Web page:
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'One Of Those Souls Who Left A Legacy For All Of Us': Remembering Dairy, Grain Pioneer Jack Lazor

Anne and Jack Lazor pose on Butterworks Farm in 2015.
Anna Ste. Marie
/
VPR File
Butterworks Farm co-owners Anne and Jack Lazor stand at the Westfield farm in 2015. Lazor died Saturday. He was 69.

A Westfield farmer at the forefront of local, sustainable agriculture has died. Jack Lazor, co-owner of Butterworks Farm with his wife Anne, died Saturday, according to the company's Facebook page. He was 69.Mich Wertlieb spoke with Vermont's Secretary of Agriculture Anson Tebbetts to learn about Lazor's contributions to Vermont agriculture, including his 2013 book The Organic Grain Growerand how he and his wife first came to milk a herd of Jerseys in the Northeast Kingdom, back in 1976.

Anson Tebbetts: Jack Lazor was a kind, gentle farmer who started a manufacturing facility right on the farm, making world-class yogurt. He lived up on a very windy hill in Orleans County, in Westfield. I had a chance to be there last year, in the fall, and Jack was just one of those guys who was always learning, listening.

I think probably his greatest legacy would be as a teacher. He mentored so many farmers about what it was like to own a herd of Jerseys and care for the land. He also worked not only in dairy, but ... in grains, and [on] trying to get Vermont to think about growing more of its grains to feed its people.

He was one of the early farmers that began going organic. And he was one of the first farmers that had an on-farm processing facility, right there at the farm, making yogurt. And that yogurt can be found statewide, and still today can be found.

I know that he loved living up on that hill and sharing his farm with anyone that would stop by. So I think he's one of those souls who left a legacy for all of us. And it's our duty to try to carry out that legacy, and keep learning and listening, and listening to the land, and the animals and the community.

Mitch Wertlieb: He's been credited too with helping start the so-called "locavore" movement. What was happening in Vermont, and on farms at the time, when a renewed emphasis on locally grown food became so important?

Well, in the '90s, you know, I think people had a reset at that point. They were thinking about, you know, [how] we really need to support our communities more. And value-added was also taking off. How can you take what's normally a commodity product and turn it into something that adds value to it? And that was the yogurt. But he would take that product and he would take it into co-ops and supermarkets, and just tell his story. And that's an important part that I think he's left as well.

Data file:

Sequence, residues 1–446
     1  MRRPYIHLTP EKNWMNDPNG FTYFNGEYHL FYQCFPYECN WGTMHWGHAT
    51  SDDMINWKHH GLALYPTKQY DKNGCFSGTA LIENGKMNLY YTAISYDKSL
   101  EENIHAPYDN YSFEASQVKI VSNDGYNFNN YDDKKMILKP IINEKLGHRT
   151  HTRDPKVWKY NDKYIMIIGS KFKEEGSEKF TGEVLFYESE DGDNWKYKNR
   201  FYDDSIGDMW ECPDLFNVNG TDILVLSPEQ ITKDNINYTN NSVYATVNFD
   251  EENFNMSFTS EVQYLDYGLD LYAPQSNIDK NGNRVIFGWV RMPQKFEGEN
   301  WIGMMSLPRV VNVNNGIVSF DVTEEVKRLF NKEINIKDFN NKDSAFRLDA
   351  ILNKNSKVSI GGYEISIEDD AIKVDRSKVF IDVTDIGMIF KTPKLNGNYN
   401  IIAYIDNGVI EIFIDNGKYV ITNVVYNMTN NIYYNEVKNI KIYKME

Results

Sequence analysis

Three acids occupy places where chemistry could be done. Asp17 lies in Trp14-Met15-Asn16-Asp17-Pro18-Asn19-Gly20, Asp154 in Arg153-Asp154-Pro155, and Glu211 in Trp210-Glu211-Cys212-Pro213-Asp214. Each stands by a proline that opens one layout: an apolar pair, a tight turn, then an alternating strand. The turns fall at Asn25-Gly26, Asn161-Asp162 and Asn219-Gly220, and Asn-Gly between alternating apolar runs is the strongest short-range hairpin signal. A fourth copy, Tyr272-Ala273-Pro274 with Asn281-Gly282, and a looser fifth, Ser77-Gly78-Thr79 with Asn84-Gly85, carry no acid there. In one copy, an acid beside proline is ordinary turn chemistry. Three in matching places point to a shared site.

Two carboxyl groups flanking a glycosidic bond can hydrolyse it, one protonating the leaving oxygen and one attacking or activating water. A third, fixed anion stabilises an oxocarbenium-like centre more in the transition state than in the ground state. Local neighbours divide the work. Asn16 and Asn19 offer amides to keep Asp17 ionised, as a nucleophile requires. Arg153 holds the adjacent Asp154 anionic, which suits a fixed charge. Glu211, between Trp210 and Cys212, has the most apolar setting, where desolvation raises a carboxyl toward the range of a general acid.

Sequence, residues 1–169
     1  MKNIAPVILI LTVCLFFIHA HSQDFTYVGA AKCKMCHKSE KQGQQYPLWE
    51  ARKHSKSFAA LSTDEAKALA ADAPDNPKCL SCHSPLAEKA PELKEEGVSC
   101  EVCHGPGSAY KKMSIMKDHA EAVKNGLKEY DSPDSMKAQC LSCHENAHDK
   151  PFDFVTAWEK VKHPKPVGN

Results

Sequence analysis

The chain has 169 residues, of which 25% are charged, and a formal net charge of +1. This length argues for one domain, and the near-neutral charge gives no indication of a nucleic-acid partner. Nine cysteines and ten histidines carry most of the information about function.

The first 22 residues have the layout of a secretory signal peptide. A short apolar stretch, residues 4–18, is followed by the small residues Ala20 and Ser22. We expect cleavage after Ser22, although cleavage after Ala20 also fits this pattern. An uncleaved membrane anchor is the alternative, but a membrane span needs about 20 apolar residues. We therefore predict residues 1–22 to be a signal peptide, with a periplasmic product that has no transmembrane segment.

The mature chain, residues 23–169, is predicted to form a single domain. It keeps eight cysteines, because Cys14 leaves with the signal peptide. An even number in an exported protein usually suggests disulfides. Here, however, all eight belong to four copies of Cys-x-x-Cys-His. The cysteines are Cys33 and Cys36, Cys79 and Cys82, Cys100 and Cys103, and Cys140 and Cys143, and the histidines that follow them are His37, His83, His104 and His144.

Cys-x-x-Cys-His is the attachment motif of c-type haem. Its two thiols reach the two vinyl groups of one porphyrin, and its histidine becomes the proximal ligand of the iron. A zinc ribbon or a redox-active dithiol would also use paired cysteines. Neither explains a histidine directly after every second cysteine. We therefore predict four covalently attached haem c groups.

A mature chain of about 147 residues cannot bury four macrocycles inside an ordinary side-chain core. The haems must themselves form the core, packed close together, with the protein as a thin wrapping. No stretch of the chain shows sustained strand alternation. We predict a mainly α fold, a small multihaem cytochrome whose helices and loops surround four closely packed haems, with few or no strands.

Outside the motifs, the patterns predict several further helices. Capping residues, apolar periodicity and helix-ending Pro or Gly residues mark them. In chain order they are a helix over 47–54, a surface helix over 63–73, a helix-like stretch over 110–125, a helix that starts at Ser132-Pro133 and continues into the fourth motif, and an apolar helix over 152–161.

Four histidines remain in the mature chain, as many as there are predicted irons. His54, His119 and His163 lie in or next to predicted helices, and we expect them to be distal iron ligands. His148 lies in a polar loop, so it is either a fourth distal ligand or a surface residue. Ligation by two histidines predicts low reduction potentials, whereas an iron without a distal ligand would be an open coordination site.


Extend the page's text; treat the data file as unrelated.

Other farmers have taken his lead. They've made a wonderful world-class product. And then they tell their story, because the consumer wants to know how you treated your animals, how the product was made and how you cared for the land. So I think that was an important message. And it was all about the buy-local movement that began in the '90s and continues today.

And Jack Lazor made his mark, of course, in dairy, but also became known for growing grains for both human and animal consumption. He co-founded the Northern Grain Growers Association. How else did he contribute to this aspect of Vermont agriculture with grains?

With the grain part [of Lazor’s farming], particularly during this pandemic, I think it's really interesting. Right now, we could really use a wonderful local grain. And one has been started in the Northeast Kingdom, in Waterford, called Northeast Kingdom Grains. And part of that comes from all the research and talent that Jack left for us.

And, you know, with everyone baking right now and thinking about staying home because of the pandemic, a lot of people are looking to source a local grain. So I think we're in position now, if we get the infrastructure and we learn the lessons from Jack ... to grow more of our local grains and have a flour right here in Vermont.

Jack Lazor stands by a red tractor next to a barn
Credit Anna Ste. Marie / VPR File
Jack Lazor stands by a Butterworks Farm tractor 2015.

Finally, Secretary Tebbetts, you mentioned that Jack Lazor was a really well-loved figure, a warm and gentle human being. Do we know what's going to happen with [Butterworks Farm] now? You know, he's leaving behind his wife, and I'm just curious about what happens next.

Well, they've been talking about the next steps with that, in passing the farm down to the next generation. And I think they've charted the course with that. Of course Anne, his wife, is there, and other members of his family are there, and of course, the employees of Butterworks. So I think it's in good hands. And I know that the future for them would be to have them remain on the land, and keep going and producing a wonderful product, and also keeping that valuable land in agriculture production, which is so important these days.

Have questions, comments or tips? Send us a message or tweet Morning Edition host Mitch Wertlieb @mwertlieb

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